April showers bring building flurry across Routt County, so to speak
May 16, 2010
Steamboat Springs — A spring flurry of building permits for single-family homes may not signal an enduring recovery of the Routt County building market, but it breaks a trend.
The Routt County Regional Building Department reported issuing three permits for new single-family homes in April with an aggregate permit value of about $2.8 million. Another permit for a $2 million home was issued during the first week in May.
Throughout the entire first quarter, the county had seen a total of just four permits for single-family homes. Those included two permits in January for a combined $1.7 million, another in January for $190,500 and one in March for $713,000.
Valuations assigned to new homes for purposes of issuing permits are lower than the eventual retail value.
The outlook for single-family homes being built this spring inside Steamboat Springs city limits is even quieter: Through April, just one permit for a single-family home had been issued, and it was an anomaly. The permit was issued after the fact for a very small, existing home in Fairview valued at just less than $75,000.
Of the four new permits in the county, one that stands out is for a 10,300-square-foot home (including a large covered deck) on 5 acres in Alpine Mountain Ranch, just south of the city.
Fair and Square Construction is building the home for a couple from Virginia, Steve and Karen Speer.
Alpine Mountain Ranch and Club Chief Operating Officer Bill Reid said he thinks the renewal of some home building is a sign that prices in the mountain markets have stabilized and that people who have been planning on building realize that contractors and their subcontractors are eager to secure projects.
Steve Speer said this week that he had not planned on beginning construction this year but that the opportunity to engage contractors in a competitive environment prompted him to move forward ahead of schedule.
"I really wasn't going to pull the trigger this soon, but I've been around the area for 25 years and had friends who (in the past) got in line and waited a year or two for a contractor. I realized that I had an opportunity to bid this out and get two or three bids and be competitive."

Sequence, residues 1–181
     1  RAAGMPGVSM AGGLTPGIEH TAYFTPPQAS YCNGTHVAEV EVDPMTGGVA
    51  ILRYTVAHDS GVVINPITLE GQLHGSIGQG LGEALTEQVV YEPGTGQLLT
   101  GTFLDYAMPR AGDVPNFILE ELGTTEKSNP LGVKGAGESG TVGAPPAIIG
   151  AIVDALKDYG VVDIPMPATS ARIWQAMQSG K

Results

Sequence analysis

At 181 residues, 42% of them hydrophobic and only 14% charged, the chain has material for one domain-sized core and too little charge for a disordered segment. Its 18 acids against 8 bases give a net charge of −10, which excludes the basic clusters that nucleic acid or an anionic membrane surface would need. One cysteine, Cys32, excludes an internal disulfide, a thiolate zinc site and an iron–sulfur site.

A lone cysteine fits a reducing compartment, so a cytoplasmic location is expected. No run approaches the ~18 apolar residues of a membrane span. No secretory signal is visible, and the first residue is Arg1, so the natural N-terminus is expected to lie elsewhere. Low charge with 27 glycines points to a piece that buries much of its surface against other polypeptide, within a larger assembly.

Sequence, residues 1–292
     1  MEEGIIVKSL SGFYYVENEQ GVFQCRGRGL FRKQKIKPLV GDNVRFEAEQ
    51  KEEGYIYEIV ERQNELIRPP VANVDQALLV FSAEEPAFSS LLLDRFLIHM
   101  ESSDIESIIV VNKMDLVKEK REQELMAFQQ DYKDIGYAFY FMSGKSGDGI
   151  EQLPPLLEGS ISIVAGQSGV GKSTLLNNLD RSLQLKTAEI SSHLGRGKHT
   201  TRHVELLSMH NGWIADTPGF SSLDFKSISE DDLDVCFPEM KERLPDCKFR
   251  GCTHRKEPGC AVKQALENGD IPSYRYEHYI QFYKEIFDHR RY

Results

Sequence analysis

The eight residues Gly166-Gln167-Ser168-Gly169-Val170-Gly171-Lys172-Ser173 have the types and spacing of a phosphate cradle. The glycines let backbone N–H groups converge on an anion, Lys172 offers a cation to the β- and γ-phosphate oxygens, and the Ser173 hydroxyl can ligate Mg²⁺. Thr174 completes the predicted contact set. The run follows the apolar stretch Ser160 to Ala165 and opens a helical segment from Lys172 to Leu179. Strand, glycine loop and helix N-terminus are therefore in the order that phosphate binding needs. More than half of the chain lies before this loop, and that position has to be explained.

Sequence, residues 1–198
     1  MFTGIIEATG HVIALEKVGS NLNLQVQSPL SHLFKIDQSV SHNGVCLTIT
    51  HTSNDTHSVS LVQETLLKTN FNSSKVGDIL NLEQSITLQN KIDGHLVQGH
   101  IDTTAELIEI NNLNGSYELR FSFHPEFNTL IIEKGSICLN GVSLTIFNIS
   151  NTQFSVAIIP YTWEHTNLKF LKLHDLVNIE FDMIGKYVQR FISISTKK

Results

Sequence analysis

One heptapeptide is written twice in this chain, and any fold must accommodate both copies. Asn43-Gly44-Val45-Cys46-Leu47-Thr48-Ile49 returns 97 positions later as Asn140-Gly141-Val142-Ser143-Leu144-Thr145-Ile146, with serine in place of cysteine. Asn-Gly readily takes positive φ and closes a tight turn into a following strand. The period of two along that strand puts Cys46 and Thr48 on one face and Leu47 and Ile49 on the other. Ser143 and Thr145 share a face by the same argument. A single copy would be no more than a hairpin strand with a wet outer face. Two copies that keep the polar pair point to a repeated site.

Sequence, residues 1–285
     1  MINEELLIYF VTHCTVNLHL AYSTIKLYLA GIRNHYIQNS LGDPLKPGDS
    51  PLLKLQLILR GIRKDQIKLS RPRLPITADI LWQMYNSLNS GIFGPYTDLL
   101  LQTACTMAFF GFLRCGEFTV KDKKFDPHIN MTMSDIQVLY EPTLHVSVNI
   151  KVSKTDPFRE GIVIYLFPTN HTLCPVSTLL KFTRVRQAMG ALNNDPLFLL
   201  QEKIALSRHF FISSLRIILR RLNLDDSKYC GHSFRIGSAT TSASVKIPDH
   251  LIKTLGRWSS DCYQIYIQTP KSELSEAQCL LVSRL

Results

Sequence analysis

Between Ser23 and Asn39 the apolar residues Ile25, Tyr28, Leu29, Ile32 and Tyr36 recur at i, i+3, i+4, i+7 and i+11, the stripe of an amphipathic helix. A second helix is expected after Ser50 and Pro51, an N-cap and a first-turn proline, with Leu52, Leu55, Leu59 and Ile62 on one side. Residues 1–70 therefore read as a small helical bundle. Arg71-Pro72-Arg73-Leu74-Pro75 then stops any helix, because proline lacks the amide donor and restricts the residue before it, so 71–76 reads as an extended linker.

Construction on the Speer home is under way this week with the garage framed and about to be dried in so the builders can use it as an office. Another new home nearby that isn't among the four new permits this spring is in the same stage of construction.
The Alpine Mountain Ranch developers are moving ahead with plans they first made public in late fall 2008 to build a market home that will be offered for sale.
The general contractor will be Corporex, the construction firm of one of the Alpine ranch principals, Bill Butler.
Brian Beck, who owns a local building framing company, has been retained as project manager, Reid said. A local firm, KSA Architecture, designed the home.
The six-bedroom, 6.5-bath home is due to be completed in mid 2011. It is listed for sale for $5.25 million.
Other homes on the horizon include a 7,100-square-foot house planned for a building site on Rolling Ridge Road by a Steamboat Springs couple. It is valued for building permit purposes at $934,000. In addition, a Minnesota couple is planning a $1.66 million home on Timberridge Drive in Big Valley Ranch.
The general contractor is Gary Cogswell, of Cogswell Construction, and the architect is Joe Patrick Robbins.
Cogswell said as soon as word got out that he had landed the contract, he was inundated with calls from people in the building trades seeking work. He added that the list of bidding subcontractors has been finalized and that he can't accept any more into the process.
"It's been a rough experience for me to dole out a very limited amount of work here," Cogswell said. "I feel very fortunate to have a job."
One of the factors affecting the local construction industry is the fact that people looking for homes in most price points often can find better values on a price-per-square-foot basis in existing homes for sale, some of them distressed.
Generally, one could not build a home today for the price one would pay for an existing home of comparable quality.
"We looked at a lot of the mountain communities for a long time and decided Steamboat is where we want to be," Speer said.
Even with competitive pricing, he said, "you can't pencil it out — building a new home doesn't make sense in some ways. But I'm here for the long haul. We don't have a timetable, but my wife and I want to retire here."
The Speers had their home designed by a Seattle firm, Miller Hull Partnership, in part because of a family relationship. But they consulted with Bill Rangitsch, of Steamboat Architectural Associates, and Speer said he wants to keep the employment created by his project in the valley.
"Pretty much everything is local — for me, personally, that was important," he said.
— To reach Tom Ross, call 871-4205 or e-mail firstname.lastname@example.org